Saturday, 3 March 2012

"Begs to Acknowledge Receipt" - The Importance of the Railway Form

One of the hidden stories of the nineteenth century railway companies is their development of standard forms. Clearly, this isn't that much stimulating of a topic, and to my knowledge there is only one book that looks at how railway stationary was evolved, and even then it focusses on the American railroads.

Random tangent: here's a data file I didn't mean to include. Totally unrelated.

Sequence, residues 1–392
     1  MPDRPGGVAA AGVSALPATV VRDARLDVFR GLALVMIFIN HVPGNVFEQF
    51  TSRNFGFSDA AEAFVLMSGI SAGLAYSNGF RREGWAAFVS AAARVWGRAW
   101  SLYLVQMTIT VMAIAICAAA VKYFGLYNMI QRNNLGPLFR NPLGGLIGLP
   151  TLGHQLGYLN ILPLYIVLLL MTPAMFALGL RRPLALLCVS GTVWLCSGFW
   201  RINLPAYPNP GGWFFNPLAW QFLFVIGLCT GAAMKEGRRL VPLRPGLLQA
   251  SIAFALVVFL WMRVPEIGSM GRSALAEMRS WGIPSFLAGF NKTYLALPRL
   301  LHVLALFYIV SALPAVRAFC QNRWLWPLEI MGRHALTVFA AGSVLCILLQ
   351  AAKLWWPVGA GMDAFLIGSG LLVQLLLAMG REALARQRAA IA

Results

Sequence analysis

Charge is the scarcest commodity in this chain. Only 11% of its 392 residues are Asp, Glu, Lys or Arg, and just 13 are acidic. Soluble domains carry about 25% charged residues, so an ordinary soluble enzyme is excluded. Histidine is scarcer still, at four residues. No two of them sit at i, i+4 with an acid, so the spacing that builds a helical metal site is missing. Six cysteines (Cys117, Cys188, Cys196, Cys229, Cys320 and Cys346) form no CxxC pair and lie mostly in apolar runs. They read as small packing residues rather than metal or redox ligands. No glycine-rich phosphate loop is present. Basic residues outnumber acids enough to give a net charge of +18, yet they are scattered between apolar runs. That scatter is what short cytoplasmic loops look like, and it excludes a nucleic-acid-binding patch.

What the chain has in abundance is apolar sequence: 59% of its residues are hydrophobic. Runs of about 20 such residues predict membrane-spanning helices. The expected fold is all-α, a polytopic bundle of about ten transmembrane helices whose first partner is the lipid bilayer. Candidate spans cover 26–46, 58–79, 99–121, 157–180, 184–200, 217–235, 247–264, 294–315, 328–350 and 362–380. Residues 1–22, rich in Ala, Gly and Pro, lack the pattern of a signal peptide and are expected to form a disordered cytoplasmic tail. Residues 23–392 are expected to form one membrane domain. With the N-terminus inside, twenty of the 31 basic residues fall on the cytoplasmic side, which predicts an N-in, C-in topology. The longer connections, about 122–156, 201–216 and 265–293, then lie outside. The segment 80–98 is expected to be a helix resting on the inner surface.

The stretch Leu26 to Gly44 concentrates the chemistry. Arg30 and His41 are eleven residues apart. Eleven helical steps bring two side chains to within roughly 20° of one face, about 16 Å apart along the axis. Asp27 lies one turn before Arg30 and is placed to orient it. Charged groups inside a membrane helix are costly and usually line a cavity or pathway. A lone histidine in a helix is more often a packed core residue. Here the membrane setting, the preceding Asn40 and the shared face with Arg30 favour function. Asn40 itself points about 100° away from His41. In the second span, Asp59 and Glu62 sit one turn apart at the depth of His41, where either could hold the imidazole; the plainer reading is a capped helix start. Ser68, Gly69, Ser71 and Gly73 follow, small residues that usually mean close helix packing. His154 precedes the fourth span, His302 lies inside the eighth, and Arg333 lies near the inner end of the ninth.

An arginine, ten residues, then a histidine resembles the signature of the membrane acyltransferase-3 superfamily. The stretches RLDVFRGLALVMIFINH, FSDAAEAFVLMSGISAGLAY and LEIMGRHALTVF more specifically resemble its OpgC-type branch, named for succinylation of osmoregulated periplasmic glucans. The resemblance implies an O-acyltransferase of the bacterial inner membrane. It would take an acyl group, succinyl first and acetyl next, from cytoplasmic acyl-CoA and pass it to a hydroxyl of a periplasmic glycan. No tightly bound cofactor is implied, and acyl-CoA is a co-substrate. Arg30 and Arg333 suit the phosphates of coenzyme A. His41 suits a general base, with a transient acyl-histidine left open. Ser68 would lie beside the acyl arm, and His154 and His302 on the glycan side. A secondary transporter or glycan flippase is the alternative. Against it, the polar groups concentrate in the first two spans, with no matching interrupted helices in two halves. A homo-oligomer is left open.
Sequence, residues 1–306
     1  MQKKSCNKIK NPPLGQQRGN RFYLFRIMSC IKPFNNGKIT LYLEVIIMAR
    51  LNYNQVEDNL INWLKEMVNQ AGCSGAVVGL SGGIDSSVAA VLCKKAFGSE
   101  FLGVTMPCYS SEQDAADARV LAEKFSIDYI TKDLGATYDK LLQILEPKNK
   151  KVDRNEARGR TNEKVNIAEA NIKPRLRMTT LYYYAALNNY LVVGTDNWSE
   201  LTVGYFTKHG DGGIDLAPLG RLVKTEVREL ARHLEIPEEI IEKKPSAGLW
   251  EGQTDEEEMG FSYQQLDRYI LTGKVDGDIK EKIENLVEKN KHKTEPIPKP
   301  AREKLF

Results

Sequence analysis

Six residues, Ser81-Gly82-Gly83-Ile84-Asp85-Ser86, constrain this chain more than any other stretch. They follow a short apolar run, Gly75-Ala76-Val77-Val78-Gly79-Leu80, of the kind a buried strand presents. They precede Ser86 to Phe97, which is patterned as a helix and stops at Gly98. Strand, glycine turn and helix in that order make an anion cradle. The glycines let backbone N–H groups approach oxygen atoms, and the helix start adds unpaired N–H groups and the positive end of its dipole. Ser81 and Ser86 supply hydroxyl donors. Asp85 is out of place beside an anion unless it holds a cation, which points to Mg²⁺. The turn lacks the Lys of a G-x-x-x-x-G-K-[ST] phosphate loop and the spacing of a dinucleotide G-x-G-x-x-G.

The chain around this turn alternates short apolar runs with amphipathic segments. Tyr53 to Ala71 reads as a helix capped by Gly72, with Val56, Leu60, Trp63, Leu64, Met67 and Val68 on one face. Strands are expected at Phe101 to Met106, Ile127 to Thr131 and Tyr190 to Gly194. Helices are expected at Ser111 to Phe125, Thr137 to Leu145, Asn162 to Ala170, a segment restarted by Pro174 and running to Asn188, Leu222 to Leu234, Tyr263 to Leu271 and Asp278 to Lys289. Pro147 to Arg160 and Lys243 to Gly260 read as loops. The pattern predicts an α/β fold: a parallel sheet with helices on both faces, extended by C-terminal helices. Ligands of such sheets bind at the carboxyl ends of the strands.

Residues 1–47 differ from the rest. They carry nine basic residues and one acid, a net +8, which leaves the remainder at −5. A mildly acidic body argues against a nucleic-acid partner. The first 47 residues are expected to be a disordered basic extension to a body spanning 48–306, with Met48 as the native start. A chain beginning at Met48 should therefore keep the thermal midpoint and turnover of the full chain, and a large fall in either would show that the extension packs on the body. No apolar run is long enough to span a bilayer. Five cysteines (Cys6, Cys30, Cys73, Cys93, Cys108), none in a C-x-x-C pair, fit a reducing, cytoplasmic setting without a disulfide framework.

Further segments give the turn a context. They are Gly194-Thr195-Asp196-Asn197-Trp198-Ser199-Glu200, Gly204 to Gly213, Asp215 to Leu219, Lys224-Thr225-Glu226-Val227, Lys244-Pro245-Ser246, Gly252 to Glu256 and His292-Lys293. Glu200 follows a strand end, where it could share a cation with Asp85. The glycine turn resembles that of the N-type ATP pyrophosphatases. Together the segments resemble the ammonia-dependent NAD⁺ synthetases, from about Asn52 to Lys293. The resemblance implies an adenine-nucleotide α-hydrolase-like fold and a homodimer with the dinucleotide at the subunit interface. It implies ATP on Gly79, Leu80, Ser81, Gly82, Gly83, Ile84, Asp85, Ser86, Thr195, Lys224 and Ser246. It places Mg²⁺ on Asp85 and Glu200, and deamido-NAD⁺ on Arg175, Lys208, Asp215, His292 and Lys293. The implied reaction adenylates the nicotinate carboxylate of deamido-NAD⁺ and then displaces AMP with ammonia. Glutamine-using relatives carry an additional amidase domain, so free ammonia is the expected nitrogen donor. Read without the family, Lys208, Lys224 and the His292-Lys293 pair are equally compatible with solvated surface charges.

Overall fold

But this is important area of British railway history that should not be ignored. If we consider that in the early years of the industry most railway company stationary constituted simply lined books and letters, the development through the decades of standard forms and record books tailored to individual departments' needs was a business innovation. Shown on the left is a form that was sent by the London and South Western Railway's Good's Manager's Office in 1901 to confirm that a letter had been received. The main feature to note is that within the standard, pre-formulated text there are spaces where the company's clerk could write the relevant details. Indeed, like many others the railways produced, this form meant that those sending out large numbers of receipts did not have to write out great tracts of text each time and, therefore, their use would have sped up business processes.

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